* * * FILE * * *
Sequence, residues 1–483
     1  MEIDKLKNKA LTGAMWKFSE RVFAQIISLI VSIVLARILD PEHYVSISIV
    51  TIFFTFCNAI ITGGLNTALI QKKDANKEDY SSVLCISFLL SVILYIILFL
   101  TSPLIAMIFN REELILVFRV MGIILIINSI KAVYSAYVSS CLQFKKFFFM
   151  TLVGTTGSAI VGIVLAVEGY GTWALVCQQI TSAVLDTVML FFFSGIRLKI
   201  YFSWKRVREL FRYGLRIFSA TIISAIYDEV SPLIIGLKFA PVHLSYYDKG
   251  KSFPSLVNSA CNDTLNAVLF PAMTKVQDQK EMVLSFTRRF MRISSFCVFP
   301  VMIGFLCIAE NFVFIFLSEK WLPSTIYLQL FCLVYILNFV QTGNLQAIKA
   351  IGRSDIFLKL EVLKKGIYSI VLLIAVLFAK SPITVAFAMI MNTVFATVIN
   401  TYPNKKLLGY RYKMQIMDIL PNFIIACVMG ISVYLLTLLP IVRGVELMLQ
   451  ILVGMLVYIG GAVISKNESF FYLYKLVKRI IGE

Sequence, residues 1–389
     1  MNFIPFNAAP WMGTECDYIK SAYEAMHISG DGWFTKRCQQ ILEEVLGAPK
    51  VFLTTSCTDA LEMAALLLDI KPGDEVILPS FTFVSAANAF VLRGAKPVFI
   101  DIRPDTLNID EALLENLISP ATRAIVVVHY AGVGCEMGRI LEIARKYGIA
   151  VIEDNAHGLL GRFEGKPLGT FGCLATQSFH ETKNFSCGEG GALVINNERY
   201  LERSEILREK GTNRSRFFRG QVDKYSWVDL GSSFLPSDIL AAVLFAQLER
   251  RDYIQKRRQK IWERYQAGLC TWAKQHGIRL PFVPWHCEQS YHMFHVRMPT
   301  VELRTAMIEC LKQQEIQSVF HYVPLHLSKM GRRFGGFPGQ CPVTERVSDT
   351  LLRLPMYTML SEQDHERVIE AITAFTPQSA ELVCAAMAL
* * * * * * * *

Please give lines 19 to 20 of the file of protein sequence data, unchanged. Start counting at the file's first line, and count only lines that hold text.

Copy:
   301  VELRTAMIEC LKQQEIQSVF HYVPLHLSKM GRRFGGFPGQ CPVTERVSDT
   351  LLRLPMYTML SEQDHERVIE AITAFTPQSA ELVCAAMAL